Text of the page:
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ry, and knowing many places, things, people, and parties, civil and religious, of his beloved England. Upon this account he was glad I joined him. We talked generally of factions and religion, states, revolutions, leaders, and pieties. Sometimes we had other subjects. • Who I was he never knew: nor did I seem to know he was the Dean for a long time; not till one Sunday evening that his Verger put me into his feat at St. Patrick's prayers j without my knowing the Doctor fat there. Then I was obliged to recognize the great man, and seemed in a very great surprize. This pretended ignorance of mine as to the person os the Dean, had given me an opportunity of discoursing more freely with, and of receiving more information from the Doctor, than otherwise I could have enjoyed. The Dean was proud beyond all other mortals that I have seen, and quite another man when he was known. ..' This may seem strange to many, but it must be to those who are not acquainted with me. I was so far from having a vanity to be known to Dr. Swift, or. to be seen among the fortu-t nate at his house, (as I have heared those who met there called) that I am sure it would not have been in the power of any person or consideration to get me there. What I wanted in relation to the Dean, I had. This wasenoughfor me. I desired no more of him.

I was enabled by the means related, to know the excellencies and the defects of his under* standing; and the picture I have drawn of his mind, you shall fee in the Appendix afore* named; with some remarks on his writingst and on the cases of Vanessa and Stella. : Among the observations on his writings* you will find, my good reader, a jull answer to his weak and despicable sermon in defence ef the Athanafian Trinity. There is like* wife a conclusive address to Lord Orrery, oil account of his Lordship's recommending this sermon as a masterpiece in divinity to th« consideration of the christian world. My Lord does this in his account of Swift* \ As to Mrs* Grierson, Mr* Bollard's ac* count of her in his Memoirs of some English Ladiest lately published, is not worth a rush* He knew nothing of her: And tho imper* sect relation he got from Mrs. Barber is next to nothing. I was intimately acquaint* ed with Mrs. Grierson, and have passed a hundred afternoons with her in literary con* Verfations in her own parlour. Therefore, it is in my power to give a very particular and exact account of this extraordinary wo* man. In the Appendix you shall have it.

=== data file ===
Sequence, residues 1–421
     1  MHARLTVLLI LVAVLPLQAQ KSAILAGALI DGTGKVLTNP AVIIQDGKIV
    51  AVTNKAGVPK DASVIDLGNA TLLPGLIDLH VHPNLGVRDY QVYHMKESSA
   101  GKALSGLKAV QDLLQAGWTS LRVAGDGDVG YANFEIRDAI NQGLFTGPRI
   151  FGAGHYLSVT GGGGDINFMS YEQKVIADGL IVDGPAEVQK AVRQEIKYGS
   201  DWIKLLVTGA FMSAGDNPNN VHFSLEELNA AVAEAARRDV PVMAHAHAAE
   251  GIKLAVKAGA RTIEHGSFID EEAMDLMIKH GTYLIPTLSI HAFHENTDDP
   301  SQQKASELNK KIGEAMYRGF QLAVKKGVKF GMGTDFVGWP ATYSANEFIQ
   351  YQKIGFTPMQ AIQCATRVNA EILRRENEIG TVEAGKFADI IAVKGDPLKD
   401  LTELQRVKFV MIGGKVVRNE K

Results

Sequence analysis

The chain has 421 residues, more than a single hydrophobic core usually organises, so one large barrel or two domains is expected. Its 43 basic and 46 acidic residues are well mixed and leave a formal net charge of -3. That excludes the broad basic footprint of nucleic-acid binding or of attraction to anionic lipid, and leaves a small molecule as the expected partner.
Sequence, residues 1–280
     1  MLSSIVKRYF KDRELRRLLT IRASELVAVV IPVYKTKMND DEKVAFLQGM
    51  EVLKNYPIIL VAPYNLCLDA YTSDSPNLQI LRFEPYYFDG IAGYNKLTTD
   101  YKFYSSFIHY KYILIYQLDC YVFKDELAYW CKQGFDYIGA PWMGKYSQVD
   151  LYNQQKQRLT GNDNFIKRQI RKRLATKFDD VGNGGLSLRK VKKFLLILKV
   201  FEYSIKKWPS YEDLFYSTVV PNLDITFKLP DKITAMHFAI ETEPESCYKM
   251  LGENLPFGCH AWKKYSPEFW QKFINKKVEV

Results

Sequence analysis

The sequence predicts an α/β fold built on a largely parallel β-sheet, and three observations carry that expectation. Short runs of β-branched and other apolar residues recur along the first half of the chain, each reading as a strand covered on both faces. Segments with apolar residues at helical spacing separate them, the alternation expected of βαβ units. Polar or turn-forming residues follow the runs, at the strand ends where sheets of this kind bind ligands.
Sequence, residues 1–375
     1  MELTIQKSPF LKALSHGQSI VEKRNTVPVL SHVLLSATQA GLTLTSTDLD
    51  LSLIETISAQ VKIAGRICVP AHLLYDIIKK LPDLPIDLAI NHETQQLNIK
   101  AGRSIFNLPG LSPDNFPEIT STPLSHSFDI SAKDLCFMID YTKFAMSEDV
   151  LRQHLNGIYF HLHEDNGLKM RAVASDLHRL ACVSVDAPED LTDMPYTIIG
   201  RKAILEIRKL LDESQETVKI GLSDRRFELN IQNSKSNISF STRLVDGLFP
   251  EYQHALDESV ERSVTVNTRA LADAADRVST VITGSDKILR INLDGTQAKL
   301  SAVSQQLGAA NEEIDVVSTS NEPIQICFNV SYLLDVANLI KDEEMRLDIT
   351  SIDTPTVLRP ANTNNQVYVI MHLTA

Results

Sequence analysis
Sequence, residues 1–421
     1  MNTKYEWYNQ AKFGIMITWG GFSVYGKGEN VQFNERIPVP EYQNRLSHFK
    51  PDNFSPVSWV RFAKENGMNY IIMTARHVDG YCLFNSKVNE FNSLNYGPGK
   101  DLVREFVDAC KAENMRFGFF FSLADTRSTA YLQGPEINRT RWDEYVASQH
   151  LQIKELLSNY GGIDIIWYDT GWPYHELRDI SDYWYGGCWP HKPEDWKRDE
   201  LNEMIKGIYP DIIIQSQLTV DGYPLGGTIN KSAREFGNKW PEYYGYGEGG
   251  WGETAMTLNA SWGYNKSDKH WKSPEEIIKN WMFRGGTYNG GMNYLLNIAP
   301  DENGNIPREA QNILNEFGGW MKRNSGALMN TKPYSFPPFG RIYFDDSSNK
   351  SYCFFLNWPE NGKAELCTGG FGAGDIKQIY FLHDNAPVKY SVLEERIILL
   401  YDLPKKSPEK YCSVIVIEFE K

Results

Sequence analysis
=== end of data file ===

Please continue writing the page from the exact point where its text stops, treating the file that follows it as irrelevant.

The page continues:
And whereas there are two writers now living, the reverend Mr. Allen, and the re* *verend author of Ophiomaches, who have done their best to defend the tritheislic im*

..• I piety% piety, and make the abominable invention pass in the christian world for christianity, you shall have, reader, in the fame Appendix, an examination of what they have offered from scripture to support their wretched divinity. You mall see, my friend, in Christ Jesus, that every text advanced by those weak writers, are so far from favoring their antichristian hypothecs, that they really and truly do establish the doctrine of one God the Father, and one Mediator, against the miserable attempts of those poor gainsayers. It shall be very plane, that the sacred letters proclame the peerless Majesty of one supreme Spirit, the most glorious of immortal Beings.' -Alleluiah. Sedenti in folio &


Agno laus, honos, gloria, & imperium in fernpiterna secula.

Note farther, that the whole the author has to offer to the Public, under the title of Memoirs, will be comprized in Eight Volumes in Octavo.





S there Is an account of many Roman

Antiquities in the following work, (antiquities not mentioned by any writer that I have seen), I did intend to prefix to this volume an Introduction to this kind of learning, under the title of Romana Quœdam, as above-mentioned; and, in a new way, treat of the Roman transactions in this island, from the expedition of Julius Cesar, before our Lord 44, to the year 446, when Britain

was abandoned by the Romans. —— In

the next place, of Roman walls, stations, roads, Roman forces, the Roman art of

war, etc. And lastly, of medals,

inscriptions, and statues, in general j in order to the better understanding the particulars afterwards mentioned.

It was likewise my design to add, in the way of notes, at the end of every -emperor's reign, the progression of that true reli

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